KPMG Partner Pleads Guilty In Tax Shelter Case

A high-ranking partner at accounting giant KPMG pleaded guilty to helping fabricate $11.2 billion in fake tax shelters so America’s wealthiest families could beat income taxes.

The guilty plea yesterday in Manhattan federal court of David Rivkin, 42, could mean a devastating blow to a gang of 16 accounting execs at KPMG charged in the massive tax shelter scam.

David Rivkin copped to conspiracy and tax evasion charges in Manhattan Federal Court and agreed to help prosecutors nail 16 other KPMG partners who have been indicted in the massive tax shelter scam.

Rivkin was one of 19 indicted in the case last year.

“I conspired … to market tax shelters,” Rivkin told Judge Lewis Kaplan.

Rivkin, wearing a light gray suit and sitting on the edge of his chair, said the bogus tax shelters were “designed and approved by senior executives” at the accounting giant.

Rivkin admitted he created phony tax losses for his clients that were designed to reduce the taxes they would have to pay.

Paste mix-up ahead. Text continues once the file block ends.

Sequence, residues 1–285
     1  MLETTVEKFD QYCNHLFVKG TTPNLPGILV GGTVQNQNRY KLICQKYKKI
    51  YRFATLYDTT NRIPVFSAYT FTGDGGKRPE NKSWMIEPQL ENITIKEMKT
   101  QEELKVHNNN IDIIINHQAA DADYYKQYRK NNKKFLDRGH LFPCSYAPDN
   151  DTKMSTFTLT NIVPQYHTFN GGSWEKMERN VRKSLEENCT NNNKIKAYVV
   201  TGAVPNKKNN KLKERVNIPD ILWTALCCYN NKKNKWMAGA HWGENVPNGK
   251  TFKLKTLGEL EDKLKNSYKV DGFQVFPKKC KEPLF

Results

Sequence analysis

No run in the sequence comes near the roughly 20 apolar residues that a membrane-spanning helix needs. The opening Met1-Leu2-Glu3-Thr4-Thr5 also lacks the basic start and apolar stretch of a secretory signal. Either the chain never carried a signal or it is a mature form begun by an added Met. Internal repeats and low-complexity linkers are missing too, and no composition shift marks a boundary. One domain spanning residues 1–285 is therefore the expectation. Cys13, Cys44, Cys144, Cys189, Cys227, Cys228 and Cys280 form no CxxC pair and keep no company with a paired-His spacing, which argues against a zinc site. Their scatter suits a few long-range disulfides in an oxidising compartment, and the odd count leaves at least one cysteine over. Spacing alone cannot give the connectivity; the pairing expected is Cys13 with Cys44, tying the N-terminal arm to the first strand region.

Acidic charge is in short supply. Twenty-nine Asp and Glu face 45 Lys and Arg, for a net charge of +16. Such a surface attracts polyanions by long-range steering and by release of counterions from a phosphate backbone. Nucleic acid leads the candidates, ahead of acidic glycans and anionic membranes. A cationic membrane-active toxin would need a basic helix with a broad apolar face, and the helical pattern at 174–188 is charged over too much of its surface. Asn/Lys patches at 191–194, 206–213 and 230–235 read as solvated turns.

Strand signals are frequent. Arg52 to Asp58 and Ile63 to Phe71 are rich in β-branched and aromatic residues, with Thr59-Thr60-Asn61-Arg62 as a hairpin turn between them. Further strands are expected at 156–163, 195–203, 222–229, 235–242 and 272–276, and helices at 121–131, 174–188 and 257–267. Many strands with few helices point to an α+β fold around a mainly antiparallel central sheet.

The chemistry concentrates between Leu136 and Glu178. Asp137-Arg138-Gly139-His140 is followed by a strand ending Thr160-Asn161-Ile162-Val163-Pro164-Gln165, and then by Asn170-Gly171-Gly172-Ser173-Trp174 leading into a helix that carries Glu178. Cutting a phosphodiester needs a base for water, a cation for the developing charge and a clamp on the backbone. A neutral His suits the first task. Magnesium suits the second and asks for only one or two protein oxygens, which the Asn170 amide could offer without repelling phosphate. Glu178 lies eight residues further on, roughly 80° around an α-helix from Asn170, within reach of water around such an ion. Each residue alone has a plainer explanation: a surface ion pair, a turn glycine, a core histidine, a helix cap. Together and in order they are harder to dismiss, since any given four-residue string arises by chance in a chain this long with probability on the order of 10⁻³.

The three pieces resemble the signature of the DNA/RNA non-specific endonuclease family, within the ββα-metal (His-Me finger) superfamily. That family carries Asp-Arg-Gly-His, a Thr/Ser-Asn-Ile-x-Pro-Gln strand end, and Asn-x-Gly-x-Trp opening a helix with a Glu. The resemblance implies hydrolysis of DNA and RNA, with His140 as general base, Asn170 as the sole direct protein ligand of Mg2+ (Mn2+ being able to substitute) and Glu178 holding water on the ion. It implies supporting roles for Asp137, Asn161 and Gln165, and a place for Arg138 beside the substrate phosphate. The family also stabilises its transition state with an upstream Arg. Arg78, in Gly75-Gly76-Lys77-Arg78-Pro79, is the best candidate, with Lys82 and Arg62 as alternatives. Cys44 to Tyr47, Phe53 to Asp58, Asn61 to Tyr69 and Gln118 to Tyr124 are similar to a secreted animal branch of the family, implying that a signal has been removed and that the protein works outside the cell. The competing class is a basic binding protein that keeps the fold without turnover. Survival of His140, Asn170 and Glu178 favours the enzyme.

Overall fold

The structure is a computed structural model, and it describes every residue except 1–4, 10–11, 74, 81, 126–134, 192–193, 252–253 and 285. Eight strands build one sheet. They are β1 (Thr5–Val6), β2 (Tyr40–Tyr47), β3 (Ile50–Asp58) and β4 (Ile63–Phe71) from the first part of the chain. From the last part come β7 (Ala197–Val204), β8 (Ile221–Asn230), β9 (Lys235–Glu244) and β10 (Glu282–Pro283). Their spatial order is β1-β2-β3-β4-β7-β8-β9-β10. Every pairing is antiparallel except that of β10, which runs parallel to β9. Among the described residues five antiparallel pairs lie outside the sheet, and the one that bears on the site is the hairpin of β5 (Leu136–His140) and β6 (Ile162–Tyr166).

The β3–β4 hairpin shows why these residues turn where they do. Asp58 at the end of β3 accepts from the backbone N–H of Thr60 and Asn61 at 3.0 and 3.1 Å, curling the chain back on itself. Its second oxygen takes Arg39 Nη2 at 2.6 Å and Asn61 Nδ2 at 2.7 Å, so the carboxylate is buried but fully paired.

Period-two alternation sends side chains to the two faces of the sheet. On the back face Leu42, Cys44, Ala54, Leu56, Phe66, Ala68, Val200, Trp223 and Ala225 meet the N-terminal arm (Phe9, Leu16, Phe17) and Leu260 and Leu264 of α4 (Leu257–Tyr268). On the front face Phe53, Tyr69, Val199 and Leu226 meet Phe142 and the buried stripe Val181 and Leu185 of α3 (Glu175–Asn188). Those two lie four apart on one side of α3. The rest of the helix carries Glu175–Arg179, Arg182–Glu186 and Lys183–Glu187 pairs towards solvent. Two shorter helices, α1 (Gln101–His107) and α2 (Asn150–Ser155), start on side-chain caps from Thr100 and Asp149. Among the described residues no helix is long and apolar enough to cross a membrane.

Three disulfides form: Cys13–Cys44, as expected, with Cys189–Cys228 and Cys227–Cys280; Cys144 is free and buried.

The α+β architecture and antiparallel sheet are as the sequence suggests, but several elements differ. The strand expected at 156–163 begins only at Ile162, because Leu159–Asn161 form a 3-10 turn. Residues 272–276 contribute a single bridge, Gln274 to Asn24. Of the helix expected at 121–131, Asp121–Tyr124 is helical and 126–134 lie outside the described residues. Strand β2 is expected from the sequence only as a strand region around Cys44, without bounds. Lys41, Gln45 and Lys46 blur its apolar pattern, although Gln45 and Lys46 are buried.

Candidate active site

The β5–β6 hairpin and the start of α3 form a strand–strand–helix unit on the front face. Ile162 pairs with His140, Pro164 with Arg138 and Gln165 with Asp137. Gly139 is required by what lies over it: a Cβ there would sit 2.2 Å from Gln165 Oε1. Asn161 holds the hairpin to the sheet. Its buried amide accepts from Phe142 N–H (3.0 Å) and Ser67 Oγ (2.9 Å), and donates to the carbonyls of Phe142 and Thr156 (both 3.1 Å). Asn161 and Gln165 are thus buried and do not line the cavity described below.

“I knew that the losses should not have been claimed on tax forms,” he said.

Rivkin, 42, was a tax partner in KPMG’s San Diego office. He told Kaplan he began peddling phony tax shelters after attending a meeting with KPMG bosses in Dallas in 1999.

He said he was shown a power point presentation and given a list of prospective wealthy clients to approach about the bogus tax shelters.

KPMG targeted individuals who were interested in offsetting over $20 million in capital gains, he said.

He did not identify his clients.

Rivkin faces 10 years in prison, but could get much less than that if prosecutors are happy with his cooperation.

A tentative sentencing date was set for Feb. 9, 2007.

The phony tax shelters helped 501 rich clients evade $2.5 billion in taxes, the settlement papers state.

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